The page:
The Society for Armenian Studies announces the release of Volume 28, Issue 2 (Fall 2022) of the Journal of the Society for Armenian Studies (JSAS), edited by Dr. Tamar M. Boyadjian (Michigan State University), editor-in-chief, and Dr. Rachel Goshgarian (Lafayette College), the Reviews and Reconsiderations editor on the theme of Armenian women in theater, cinema, and music.
“Performance II builds on themes of reticulated networks in the performing arts, while at the same time challenging the traditional models of how performance has been evaluated in the past. The contributions in this volume make intentional efforts to re-qualify the registers and frameworks in which the questions around performance and memory, identity, and the body — particularly the female body — have been previously analyzed,” wrote Boyadjian.
Under the title “Performance, Memory, and the Archive,” the volume begins with a conversation with Arsineé Khanjian, detailing how performances can open avenues for thoughts on memory and archive, Armenianness, cultural and diasporic identity, the female body, and political engagement. Khanjian’s “Auctions of Souls. Performing Memory,” is based on the life of Armenian Genocide survivor and American early cinema actress, Aurora Mardiganian, whom Khanjian successfully highlights in a “idiosyncratic artistic approach” by using images, scenes and passages from multiple sources.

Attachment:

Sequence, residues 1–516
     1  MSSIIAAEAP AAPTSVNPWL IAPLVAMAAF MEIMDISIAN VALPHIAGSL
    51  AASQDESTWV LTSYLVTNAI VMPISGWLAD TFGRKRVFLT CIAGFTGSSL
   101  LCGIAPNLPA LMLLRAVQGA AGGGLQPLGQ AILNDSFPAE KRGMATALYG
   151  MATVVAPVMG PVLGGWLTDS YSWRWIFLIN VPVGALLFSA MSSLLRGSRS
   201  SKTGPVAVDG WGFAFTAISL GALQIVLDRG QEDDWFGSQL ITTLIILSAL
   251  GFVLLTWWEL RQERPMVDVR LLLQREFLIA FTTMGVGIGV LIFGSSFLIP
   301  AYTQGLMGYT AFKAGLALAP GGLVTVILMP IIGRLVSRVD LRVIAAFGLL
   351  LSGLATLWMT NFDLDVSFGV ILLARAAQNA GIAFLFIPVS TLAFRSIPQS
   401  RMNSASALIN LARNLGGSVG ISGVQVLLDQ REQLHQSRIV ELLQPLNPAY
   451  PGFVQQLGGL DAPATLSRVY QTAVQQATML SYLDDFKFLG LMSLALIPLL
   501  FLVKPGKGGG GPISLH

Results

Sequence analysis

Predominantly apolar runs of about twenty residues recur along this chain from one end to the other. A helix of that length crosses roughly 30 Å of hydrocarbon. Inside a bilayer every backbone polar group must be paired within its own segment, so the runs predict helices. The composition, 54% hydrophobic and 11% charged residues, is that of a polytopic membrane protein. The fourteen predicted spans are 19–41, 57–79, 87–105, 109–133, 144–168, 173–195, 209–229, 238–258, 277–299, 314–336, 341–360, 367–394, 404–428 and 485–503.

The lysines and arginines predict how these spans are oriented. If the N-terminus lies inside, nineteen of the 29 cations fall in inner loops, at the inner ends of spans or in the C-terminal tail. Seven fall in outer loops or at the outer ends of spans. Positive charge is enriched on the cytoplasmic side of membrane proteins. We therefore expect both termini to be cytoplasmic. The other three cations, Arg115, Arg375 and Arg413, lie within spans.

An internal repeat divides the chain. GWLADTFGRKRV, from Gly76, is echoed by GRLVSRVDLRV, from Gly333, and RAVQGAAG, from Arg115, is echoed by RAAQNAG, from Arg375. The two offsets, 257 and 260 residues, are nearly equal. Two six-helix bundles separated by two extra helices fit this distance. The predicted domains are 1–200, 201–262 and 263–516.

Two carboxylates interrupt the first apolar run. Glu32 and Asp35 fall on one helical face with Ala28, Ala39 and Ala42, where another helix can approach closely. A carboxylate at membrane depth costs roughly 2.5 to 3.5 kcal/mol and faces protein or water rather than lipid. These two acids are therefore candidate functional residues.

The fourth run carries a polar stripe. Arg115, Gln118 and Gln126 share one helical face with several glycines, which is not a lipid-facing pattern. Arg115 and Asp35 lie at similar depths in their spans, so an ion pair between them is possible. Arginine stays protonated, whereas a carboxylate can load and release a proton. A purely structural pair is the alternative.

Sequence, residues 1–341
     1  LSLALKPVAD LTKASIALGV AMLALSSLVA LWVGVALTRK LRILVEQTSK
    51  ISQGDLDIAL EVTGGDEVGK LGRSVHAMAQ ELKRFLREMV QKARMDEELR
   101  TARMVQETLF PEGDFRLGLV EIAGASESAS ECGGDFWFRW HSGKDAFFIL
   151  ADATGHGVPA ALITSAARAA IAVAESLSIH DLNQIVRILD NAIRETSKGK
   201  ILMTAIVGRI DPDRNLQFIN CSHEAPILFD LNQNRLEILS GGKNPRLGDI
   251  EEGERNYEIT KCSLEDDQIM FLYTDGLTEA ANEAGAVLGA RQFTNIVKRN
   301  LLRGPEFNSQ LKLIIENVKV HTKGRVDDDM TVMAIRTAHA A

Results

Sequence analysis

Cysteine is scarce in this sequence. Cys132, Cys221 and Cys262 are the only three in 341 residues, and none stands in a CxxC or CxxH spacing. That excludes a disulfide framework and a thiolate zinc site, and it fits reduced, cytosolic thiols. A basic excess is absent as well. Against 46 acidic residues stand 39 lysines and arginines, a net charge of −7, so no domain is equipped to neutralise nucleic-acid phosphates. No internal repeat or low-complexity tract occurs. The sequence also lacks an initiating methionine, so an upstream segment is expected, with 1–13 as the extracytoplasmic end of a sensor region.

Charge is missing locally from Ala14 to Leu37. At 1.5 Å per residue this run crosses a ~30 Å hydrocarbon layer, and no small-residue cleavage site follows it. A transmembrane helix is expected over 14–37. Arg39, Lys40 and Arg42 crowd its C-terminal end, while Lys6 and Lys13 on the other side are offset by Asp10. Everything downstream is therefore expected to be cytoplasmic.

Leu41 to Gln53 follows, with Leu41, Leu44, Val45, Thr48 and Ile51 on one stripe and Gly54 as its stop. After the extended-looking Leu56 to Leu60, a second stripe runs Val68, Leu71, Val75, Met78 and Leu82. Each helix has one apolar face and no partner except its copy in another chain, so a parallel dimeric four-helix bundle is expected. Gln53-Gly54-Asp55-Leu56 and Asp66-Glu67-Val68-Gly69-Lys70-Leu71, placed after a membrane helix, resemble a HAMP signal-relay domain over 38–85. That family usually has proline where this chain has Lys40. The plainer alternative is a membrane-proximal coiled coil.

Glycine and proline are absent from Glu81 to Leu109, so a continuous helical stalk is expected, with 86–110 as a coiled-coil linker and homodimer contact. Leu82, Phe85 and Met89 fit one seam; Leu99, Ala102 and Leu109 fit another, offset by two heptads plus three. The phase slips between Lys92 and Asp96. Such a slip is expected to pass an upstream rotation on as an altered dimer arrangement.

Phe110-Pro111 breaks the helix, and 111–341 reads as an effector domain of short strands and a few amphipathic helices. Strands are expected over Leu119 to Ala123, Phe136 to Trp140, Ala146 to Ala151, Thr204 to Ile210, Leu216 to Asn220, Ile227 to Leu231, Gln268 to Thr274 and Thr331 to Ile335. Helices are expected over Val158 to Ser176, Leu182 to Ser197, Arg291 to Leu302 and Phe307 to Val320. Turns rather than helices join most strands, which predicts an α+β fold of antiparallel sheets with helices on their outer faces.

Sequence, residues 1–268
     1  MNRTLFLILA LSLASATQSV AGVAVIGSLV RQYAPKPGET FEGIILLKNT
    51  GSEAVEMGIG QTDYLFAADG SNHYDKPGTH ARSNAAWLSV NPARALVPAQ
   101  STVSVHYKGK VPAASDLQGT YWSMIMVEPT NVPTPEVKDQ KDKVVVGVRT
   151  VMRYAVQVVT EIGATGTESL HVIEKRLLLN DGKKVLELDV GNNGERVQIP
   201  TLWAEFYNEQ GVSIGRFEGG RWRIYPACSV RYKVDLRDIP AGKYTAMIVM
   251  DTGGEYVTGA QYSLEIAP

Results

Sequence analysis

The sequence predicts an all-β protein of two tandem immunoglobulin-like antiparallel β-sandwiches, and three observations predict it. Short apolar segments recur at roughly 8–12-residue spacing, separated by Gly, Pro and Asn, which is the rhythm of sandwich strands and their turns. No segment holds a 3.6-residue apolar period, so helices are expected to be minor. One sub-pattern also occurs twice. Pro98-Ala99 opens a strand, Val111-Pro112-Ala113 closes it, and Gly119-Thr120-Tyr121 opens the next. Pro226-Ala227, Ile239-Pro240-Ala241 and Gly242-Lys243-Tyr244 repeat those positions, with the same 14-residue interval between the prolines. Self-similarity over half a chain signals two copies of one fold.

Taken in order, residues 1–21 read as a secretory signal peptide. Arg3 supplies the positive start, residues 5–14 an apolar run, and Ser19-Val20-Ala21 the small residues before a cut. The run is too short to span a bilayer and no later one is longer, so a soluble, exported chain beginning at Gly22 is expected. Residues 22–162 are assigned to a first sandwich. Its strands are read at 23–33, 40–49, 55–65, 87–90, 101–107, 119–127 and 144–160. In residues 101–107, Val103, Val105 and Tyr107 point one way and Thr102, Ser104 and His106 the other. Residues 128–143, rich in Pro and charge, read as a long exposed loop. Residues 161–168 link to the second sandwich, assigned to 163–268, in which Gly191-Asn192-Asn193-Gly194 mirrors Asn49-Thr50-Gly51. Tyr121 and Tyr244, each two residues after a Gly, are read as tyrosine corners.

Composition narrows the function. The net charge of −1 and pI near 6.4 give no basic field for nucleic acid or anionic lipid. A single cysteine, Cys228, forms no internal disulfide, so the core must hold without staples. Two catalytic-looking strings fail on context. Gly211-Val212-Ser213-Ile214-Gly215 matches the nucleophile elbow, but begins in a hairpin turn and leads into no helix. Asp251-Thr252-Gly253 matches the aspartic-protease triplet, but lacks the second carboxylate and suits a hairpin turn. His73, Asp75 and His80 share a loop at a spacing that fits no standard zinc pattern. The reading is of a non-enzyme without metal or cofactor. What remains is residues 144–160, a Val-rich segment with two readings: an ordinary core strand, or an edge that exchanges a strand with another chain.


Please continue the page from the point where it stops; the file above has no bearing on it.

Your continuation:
Khanjian argues the performance’s contemporary relevance by showcasing how the context of the Armenian genocide continues to present itself in current social, ethical, and geopolitical issues present today. The conversation is followed by the section titled “Between Activism & Authorship: Thoughts & Translations on Zabel Yesayan.”
The first article in this section by Talar Chahinian follows a collection of think-pieces that intersect with “dual performative acts of iconification and translation,” which frame the approach to understanding Yesayan in the last several decades. The collection of thoughts and translations, search to find and define Yesayan as a writer, activist, and feminist amongst contemporary debates while “ultimately guiding the reader back to her own words.”
The second article by Maral Aktokmakyan examines problematic interest in the work of Yesayan and the broader question surrounding the fate of Armenian literary studies and criticism. Aktokmakyan argues that the growing craze for “feminist Yesayan” has a problematic reductive and teleological approach, which nearly disregards Yesayan’s work. Instead, Aktokmakyan promotes a “rhizomatic reading that would liberate the author from overloaded feminist and genocide- based readings.”